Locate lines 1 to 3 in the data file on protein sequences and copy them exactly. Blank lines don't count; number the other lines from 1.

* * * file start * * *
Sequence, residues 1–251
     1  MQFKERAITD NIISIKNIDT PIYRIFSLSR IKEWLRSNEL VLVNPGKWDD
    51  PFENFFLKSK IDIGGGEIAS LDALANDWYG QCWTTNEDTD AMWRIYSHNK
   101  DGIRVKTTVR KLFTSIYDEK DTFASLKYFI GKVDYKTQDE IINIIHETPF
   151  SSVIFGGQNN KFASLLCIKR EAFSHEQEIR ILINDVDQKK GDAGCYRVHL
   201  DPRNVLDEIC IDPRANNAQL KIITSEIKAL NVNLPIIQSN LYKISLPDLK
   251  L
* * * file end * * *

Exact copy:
Sequence, residues 1–251
     1  MQFKERAITD NIISIKNIDT PIYRIFSLSR IKEWLRSNEL VLVNPGKWDD
    51  PFENFFLKSK IDIGGGEIAS LDALANDWYG QCWTTNEDTD AMWRIYSHNK